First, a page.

My parents were pretty mean. Seriously. Brown bag lunches with a smooshed PB&J and fifteen cents taped in the bottom for milk was my cold lunch. Thanks to my two older sisters, my life was styled in decade-old hand-me-downs. Things that weren't hand-me-downs were sewn by my mother. And twenty years ago, that wasn't cool like it is now (where were you, Pinterest?). I had to do chores to earn my allowance. And my allowance was $2 every other week. Not the $10 a week some kids made - without doing chores. I wasn't allowed to own/drive a car in high school. That encouraged sluffing and bad behavior. I was responsible for my own college. We could only afford one extracurricular activity. So I would have to choose between going to a state journalism competition or travel to Canada for advanced choir (I chose journalism).
My parents were mean. My life was hard. Miserable, even.
My parents were the worst.
My mean parents holding 2 month old Joci in June 2009.
A blog post called Your Children Want YOU! on thepowerofmoms.com has been passed around Facebook and Pinterest lately. Read it. It will make your spirit soar.
How true it is. A couple of nights ago, I had a cooking question. I called up my mom to ask her. She gave me the best answer she could, but she was uncertain. She called herself a bad mom. I told her that was hogwash. I knew where to turn for answers. If I truly wanted premium expert cooking advice, I would be on the phone with Martha Stewart or that Hell's Kitchen guy. But I wanted to hear what my mom would say. Because I thought it would the best, most professional advice ever? Eh...maybe not. I knew it would be worthy, but there are people more "expert" than she is. I wanted her. I wanted my mom. Despite her shortcomings, her imperfections, and all those flaws and silly beliefs that made my childhood so intolerable, I just wanted my mom.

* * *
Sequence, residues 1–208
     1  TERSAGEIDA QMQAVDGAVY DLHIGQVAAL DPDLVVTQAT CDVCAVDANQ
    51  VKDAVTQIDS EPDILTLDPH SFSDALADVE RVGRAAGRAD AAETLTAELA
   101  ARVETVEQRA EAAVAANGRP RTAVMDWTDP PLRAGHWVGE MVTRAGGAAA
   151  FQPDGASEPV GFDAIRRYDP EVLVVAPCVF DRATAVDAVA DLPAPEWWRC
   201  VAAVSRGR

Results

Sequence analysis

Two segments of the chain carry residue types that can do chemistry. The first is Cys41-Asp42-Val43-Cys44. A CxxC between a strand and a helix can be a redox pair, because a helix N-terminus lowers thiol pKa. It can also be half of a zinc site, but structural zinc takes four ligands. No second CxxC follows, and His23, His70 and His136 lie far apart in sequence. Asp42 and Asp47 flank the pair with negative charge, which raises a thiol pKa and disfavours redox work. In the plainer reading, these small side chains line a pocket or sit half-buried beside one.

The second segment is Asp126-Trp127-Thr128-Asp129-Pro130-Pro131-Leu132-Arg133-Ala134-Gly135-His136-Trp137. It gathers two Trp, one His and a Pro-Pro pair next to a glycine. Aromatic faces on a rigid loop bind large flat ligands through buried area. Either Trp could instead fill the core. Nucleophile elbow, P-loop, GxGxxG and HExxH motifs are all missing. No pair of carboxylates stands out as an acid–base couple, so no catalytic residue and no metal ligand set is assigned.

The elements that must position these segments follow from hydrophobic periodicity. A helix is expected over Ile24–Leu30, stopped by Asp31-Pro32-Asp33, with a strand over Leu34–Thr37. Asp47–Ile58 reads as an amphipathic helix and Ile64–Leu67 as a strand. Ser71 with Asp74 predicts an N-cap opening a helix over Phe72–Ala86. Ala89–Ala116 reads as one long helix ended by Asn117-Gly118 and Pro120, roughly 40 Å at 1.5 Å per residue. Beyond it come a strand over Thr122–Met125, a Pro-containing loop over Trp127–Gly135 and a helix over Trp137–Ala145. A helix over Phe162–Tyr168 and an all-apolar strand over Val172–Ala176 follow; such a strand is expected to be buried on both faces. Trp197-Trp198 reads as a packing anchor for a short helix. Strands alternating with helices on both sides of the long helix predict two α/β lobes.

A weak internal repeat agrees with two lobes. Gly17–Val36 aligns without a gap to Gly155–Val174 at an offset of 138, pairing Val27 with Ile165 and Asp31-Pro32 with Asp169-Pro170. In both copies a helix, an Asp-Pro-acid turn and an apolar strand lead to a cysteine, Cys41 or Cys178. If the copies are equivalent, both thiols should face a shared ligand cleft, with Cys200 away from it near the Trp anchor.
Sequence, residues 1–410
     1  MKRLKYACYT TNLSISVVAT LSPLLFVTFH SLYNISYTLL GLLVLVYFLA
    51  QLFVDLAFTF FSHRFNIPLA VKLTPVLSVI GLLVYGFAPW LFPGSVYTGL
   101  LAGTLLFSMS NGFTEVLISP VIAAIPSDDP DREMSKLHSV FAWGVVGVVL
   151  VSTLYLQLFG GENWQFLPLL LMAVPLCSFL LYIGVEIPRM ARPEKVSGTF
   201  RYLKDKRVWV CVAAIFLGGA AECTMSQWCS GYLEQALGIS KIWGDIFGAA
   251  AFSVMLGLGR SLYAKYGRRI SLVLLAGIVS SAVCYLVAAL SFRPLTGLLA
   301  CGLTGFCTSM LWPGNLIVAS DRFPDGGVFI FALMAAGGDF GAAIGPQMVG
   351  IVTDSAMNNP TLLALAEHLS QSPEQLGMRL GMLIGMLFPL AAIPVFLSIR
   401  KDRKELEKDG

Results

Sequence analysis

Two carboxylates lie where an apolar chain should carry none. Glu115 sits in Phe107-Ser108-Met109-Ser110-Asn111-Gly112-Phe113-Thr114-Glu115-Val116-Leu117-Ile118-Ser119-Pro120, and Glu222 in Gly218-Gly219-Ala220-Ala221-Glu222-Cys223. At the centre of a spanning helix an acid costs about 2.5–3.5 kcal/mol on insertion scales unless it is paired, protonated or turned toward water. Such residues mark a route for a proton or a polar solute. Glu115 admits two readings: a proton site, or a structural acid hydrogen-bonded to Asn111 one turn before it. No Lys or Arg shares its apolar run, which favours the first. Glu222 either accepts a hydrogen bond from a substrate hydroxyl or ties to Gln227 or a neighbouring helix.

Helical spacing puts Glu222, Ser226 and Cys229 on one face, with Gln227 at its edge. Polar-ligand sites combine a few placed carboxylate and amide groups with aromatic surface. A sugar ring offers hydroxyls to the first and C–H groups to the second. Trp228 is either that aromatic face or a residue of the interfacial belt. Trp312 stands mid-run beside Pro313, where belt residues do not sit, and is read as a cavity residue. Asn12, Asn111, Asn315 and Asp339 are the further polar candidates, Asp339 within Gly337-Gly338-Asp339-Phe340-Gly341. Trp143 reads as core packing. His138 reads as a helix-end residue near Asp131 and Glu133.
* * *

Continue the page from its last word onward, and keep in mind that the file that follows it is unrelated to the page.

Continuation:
I wanted the woman who sang "Puff the Magic Dragon" to me at night. Who rocked me. Who stayed up so late many nights to sew me a perfect dress for the next day. Who sometimes kept me home from school just to be her baby again.
And the same goes for my father. The warmth of his rough, worn hands. The smell of his cologne. The scruffy feel of his face in the morning before shaving.
My parents might not be perfect. No one is. But they are *mine.* And that's what I love most about them. Despite all the misery they put me through, I look back on it now and think they did everything perfectly and I try to do the same. Justin and I often argue about whether or not our teens will have their own car. My answer is no. I didn't have one and I did just fine. So will our kids. Justin thinks I am mean. :) Many of the torturous things I surivived in childhood have given me character and resilience. Those things are valuable.
My parents--my very, very good parents--knew that. And now, I thank them for that.
And I sincerely hope my kids have just a disappointing childhood as I had.